KING: What was -- you were there...

BLAKE: I was there but I wasn't there. I had my friends lined up on the floor, and I was talking to them. People that I knew in high school and stuff like that. I wasn't there. Just like I was out to lunch when I was in jail.

KING: You told me you're dyslexic, you're dyslexic, right?

BLAKE: I'm severely dyslexic.

KING: You couldn't read scripts?

BLAKE: Never. Never read scripts.

KING: And how would you learn the lines?

BLAKE: I read books that I've read 20 or 30 times. People say, well, how can you be dyslexic and you read Hemingway and Steinbeck? Because I read them when I was 17, I've been reading them ever since. For me, a book is like a movie. If you like it, you just watch it over and over and over and over.

KING: But you don't follow it.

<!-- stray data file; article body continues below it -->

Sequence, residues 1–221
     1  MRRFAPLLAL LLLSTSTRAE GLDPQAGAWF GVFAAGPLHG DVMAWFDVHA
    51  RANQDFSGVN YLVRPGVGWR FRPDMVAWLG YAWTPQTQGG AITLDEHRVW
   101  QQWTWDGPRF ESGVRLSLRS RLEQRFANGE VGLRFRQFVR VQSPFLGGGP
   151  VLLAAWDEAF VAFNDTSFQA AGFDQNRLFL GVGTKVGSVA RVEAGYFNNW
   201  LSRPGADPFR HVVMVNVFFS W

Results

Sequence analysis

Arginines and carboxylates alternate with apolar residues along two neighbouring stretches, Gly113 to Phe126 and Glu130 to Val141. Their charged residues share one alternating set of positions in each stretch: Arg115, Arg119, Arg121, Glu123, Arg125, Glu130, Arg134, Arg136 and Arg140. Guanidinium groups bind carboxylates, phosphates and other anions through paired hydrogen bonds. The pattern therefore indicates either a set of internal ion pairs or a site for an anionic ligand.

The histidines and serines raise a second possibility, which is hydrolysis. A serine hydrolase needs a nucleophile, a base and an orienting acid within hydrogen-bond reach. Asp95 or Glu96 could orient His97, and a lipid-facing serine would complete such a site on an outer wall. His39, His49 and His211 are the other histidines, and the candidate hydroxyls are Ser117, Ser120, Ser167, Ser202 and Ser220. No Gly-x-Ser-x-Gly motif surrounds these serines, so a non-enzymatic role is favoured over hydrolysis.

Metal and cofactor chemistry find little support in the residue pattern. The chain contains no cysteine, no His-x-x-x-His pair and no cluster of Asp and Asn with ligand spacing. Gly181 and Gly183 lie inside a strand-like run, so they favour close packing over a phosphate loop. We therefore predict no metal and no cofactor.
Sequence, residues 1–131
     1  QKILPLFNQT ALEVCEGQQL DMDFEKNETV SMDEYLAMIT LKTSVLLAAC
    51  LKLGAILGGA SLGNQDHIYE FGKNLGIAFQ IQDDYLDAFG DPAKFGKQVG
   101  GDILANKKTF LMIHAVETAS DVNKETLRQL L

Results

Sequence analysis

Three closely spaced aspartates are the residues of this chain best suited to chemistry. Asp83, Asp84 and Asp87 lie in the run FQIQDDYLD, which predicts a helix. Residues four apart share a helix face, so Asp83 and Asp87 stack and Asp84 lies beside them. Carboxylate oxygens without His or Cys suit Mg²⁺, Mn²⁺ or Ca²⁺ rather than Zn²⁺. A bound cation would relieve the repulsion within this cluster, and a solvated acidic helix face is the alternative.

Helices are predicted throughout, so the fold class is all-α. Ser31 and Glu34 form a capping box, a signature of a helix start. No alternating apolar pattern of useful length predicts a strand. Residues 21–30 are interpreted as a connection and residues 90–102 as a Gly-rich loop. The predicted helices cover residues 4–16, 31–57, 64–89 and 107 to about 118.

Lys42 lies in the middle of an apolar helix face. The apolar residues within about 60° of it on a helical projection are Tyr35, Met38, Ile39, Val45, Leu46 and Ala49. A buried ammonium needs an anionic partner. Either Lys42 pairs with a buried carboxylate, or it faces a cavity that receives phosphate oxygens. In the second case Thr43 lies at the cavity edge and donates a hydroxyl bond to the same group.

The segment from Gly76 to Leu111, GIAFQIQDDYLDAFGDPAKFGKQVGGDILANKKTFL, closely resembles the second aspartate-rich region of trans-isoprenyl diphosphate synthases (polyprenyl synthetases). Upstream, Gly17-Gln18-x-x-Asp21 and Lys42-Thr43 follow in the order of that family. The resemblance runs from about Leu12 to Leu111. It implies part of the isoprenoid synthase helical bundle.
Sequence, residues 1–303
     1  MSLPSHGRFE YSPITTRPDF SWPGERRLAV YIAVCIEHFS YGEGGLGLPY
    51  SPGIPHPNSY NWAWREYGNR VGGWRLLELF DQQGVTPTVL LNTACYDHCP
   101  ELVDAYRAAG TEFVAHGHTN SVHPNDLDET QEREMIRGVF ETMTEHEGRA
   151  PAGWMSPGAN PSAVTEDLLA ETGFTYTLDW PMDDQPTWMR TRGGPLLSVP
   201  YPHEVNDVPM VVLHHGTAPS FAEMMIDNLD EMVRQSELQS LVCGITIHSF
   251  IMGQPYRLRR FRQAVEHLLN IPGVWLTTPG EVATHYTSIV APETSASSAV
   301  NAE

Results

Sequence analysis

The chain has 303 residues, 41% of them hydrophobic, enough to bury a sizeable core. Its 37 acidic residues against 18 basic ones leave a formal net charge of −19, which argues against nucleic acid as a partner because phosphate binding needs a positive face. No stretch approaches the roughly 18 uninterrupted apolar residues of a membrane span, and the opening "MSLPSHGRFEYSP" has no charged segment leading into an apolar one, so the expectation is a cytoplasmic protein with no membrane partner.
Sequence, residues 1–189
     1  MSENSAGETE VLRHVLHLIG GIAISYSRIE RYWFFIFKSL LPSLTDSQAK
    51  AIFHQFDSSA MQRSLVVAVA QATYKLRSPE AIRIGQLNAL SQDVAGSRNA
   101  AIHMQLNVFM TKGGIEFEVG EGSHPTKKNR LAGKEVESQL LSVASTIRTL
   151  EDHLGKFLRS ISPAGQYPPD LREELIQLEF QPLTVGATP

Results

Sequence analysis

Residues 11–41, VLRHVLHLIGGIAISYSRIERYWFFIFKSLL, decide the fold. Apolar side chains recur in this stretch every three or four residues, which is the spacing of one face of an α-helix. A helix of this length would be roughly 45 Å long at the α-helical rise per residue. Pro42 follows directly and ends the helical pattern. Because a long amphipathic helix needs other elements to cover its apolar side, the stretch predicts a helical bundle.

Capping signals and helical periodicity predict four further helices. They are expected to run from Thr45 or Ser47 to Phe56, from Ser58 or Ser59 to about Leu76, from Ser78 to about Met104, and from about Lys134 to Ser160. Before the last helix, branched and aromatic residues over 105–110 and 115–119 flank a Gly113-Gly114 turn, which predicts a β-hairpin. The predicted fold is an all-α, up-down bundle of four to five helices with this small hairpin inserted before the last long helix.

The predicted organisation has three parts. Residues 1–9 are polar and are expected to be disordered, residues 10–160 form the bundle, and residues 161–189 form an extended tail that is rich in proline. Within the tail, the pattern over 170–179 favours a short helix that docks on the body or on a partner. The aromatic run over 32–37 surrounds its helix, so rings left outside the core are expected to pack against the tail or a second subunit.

BLAKE: What do you mean?

KING: You can dyslexic, but you can read it?

BLAKE: After I read it eight or 10 times, yeah. If you give me a script to read, I'll read it five or six times and I will begin to understand it.

If you read it to me, I got it edited. I know all the parts. I got it covered. I see it all in my head. If I open my eyes to read the script, it takes me forever to understand it.

KING: Rohnert Park, California. Hello.

CALLER: Hi, Larry.

KING: Hi.

CALLER: Hi, Mr. Blake. I absolutely adore you. And knowing that you were innocent, what got you through being locked up in jail? BLAKE: I would have to say God. Consciously, I think that it had something to do with a couple of years in the infantry, where you learned to keep your mouth shut and your nose clean. Everybody is "sir," and everybody is right. Don't make any friends, keep your distance. All those kinds of things that I learned. But I think it was probably also a 12-step program of knowing how to let go of each day and how to hang on to each moment?